Using recycled plastics as asphalt binder modifiers appears to decrease binder penetration and ductility and increase softening point and viscosity. Researchers have used such results to indicate the use of recycled plastics in asphalt binders would be good for areas that struggle with permanent deformation in asphalt pavements. These same authors are mostly silent about what such binder modification could do for pavement cracking, as stiffening binders will tend to increase cracking.

Finally, when incorporated in asphalt mixtures, researchers tend to agree that recycled plastics appear to enhance an asphalt mixture’s mechanical properties, although Dalhat et al. (2019) are one of the few groups that have used more modern mixture test methods, such as determining dynamic modulus and flow number and using a wheel tracking test. Other international researchers have used Marshall stability and flow to determine the merits of recycled plastics in asphalt, with experimental plans that are often lacking.

While there does appear to be a mounting body of literature on the use of recycled plastics in asphalt, much of the work being reported has lacked a clear experimental plan and suffers from the use of dated test methods. Additionally, from a review of the literature, it does not appear to be a cohesive, well thought out plan to answer the many questions raised about recycled plastics in asphalt.

Tasks:

The objective will be met by completing the following tasks:

  1. Develop a work plan for completing Tasks 2 through 7.

  2. Conduct a literature review of current and past research related to the use of recycled plastics in asphalt mixtures. This review should include both laboratory and field studies which provide a clearer understanding of RPM asphalt mixture performance.

  3. Write an interim report including the results of Tasks 1 and 2.

  4. Determine the impacts of recycled plastics on the rheological stability properties of asphalt binders. This work should evaluate the impacts of binder source, plastic dosage rate, and stabilizer, cohesive and adhesive properties, and aging on rheological and stability properties.

  5. Determine the impacts of recycled plastics on the mechanical properties of asphalt mixtures using RPM asphalt binders and RPM asphalt mixtures where the plastic was introduced using a dry process. At a minimum, these mixtures should be evaluated for low temperature cracking, fatigue cracking, top-down cracking, rutting, and moisture susceptibility performance.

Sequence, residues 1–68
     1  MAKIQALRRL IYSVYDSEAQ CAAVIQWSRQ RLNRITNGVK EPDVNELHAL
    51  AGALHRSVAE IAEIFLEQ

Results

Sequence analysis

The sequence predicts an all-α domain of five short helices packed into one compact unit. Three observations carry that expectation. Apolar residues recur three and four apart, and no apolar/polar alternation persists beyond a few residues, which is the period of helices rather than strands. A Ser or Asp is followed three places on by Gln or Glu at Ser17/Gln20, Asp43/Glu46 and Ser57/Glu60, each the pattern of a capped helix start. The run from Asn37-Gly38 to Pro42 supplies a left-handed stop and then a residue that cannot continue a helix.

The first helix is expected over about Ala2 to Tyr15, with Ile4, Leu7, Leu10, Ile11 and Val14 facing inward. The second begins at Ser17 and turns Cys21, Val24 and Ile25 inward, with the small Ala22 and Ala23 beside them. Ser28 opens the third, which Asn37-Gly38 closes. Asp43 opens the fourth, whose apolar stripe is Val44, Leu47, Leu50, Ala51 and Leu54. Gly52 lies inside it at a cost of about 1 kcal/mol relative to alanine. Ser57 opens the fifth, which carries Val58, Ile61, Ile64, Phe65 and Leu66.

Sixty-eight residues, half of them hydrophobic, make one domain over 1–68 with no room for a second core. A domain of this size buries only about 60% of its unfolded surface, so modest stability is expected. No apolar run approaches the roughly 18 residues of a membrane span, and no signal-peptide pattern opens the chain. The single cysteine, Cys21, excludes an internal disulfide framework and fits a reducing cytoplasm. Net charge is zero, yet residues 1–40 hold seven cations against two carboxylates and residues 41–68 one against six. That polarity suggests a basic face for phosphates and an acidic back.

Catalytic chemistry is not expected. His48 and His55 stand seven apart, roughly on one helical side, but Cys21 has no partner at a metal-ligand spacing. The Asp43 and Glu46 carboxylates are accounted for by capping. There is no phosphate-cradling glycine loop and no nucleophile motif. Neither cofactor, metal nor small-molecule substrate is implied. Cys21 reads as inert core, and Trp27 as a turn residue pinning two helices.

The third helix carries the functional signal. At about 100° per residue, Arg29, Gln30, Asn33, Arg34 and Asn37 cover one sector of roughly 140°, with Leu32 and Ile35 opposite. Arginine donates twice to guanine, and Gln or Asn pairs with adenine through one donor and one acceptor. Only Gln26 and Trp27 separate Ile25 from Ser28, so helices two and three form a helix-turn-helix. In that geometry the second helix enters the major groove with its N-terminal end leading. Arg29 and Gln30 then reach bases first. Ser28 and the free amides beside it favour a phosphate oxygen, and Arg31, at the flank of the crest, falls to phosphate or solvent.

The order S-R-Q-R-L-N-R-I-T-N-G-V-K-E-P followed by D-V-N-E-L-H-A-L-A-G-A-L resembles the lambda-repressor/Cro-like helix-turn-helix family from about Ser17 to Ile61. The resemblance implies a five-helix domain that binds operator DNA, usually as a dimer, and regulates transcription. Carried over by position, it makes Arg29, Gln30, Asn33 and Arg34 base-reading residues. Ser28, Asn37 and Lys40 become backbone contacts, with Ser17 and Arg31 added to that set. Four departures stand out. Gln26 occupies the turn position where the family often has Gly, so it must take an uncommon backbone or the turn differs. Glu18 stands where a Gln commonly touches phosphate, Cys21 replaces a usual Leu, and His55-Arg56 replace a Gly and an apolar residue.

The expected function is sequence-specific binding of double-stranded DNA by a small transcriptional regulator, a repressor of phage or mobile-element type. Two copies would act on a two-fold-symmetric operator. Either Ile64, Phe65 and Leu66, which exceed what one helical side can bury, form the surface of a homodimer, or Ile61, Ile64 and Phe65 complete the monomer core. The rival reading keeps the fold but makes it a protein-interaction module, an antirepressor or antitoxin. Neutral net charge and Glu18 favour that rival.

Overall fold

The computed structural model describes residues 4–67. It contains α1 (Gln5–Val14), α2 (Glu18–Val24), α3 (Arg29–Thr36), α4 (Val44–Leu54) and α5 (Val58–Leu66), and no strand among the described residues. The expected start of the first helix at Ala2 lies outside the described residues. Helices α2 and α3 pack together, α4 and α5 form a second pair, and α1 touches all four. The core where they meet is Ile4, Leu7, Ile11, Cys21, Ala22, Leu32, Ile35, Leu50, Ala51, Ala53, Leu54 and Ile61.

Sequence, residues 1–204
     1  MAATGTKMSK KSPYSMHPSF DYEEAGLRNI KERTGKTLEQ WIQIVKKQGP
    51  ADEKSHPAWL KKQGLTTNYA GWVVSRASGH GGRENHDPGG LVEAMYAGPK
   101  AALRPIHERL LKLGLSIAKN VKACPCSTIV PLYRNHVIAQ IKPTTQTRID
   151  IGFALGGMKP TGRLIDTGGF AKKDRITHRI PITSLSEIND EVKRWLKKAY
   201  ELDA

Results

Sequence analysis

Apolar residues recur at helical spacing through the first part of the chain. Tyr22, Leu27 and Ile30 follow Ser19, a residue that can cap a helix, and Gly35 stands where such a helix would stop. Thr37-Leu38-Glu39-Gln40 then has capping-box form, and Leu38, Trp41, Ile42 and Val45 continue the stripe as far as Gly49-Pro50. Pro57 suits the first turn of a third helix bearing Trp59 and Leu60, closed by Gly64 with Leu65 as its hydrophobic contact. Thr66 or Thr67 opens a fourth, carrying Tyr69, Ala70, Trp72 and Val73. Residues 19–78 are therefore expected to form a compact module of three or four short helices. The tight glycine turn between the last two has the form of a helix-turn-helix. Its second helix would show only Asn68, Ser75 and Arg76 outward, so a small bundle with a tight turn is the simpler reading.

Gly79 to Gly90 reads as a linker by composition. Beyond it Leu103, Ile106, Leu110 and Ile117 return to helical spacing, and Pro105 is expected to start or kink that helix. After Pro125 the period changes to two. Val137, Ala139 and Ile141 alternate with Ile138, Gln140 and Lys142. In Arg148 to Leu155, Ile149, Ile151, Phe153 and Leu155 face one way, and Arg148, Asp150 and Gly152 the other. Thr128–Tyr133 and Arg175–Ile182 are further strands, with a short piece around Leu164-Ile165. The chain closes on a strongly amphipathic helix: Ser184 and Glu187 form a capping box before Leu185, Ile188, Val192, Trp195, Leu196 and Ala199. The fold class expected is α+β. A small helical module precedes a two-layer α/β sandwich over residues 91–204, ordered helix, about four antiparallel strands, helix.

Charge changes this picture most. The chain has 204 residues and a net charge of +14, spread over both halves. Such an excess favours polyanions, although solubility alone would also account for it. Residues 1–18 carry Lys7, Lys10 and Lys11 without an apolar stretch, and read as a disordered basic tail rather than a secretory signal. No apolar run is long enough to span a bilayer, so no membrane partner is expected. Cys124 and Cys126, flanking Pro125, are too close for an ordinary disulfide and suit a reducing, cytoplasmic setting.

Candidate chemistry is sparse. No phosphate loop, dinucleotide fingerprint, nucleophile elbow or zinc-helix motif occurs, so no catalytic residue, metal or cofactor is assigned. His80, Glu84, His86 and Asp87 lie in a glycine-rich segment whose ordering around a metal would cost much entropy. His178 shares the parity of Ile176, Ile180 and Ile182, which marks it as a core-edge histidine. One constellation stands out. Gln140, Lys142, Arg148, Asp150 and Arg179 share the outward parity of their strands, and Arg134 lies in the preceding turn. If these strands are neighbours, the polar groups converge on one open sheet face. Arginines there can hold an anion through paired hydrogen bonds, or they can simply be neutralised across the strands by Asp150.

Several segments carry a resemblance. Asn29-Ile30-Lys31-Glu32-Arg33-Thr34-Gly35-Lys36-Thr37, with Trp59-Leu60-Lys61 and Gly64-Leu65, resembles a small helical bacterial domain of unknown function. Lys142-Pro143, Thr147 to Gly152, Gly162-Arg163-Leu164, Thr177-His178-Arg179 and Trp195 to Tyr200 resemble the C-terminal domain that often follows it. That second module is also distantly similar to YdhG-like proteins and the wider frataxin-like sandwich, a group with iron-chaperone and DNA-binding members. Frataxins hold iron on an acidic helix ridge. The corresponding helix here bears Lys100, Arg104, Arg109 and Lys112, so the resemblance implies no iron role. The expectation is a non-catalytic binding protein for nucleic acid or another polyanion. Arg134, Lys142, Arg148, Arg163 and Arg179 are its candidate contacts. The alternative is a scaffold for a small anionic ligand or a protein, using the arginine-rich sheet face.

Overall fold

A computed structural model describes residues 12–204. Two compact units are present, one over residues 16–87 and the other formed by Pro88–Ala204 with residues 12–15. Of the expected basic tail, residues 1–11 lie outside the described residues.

6. Develop a best practices manual for handling and using recycled plastics in a laboratory setting. If Tasks 2 through 5 warrant it, consideration should be also made on handling and quality control of the incoming RPM streams.

  7. Produce a final report and hold a workshop with state agencies, the Federal Highway Administration, and industry to discuss the results. The final report will include changes to AASHTO asphalt standards if warranted.

Implementation:

Materials and Design Engineers will be responsible for using the research results. Specifications may need to be modified or changed for the use of this material. Most DOT’s have the capability within their own organizations to modify or changes specifications upon the receipt of new information or research results. AASHTO COMP is ready to review the results of this and make necessary changes in its standards if necessary.

Sponsoring Committee:AKM10, Production and Use of Asphalt
Research Period:Longer than 36 months
Research Priority:High
RNS Developer:Richard Willis, PhD, Vice President for Engineering, Research, and Technology, National Asphalt Pavement Association
Source Info:Dr. Samuel Cooper III, (LADOTD), Erich Biehl (Ohio DOT), Dr. John E Haddock (Purdue University), Dr. Jean-Pascal Planche (University of Wyoming, WRI), and Harold “Skip” Paul, Retired LTRC Director

Proposed Problem Monitor - Samuel Cooper III, Materials Research Administrator, Louisiana Transportation Research Center, Louisiana Department of Transportation and Development and members of AASHTO COMP TS 2d.

Submitted October 2019 to AASHTO COMP Samuel Cooper III, Louisiana Department of Transportation and Development, Oak Metcalf, Montana Department of Transportation, Derek Nener-Plante, Maine Department of Transportation, and Eric Biehl, Ohio Department of Transportation
Date Posted:01/23/2020
Date Modified:01/24/2020
Index Terms:Mechanical properties, Recycled materials, Plastics, Bituminous binders, Asphalt mixtures,
Cosponsoring Committees: 
Subjects    
Highways
Materials
Pavements
Environment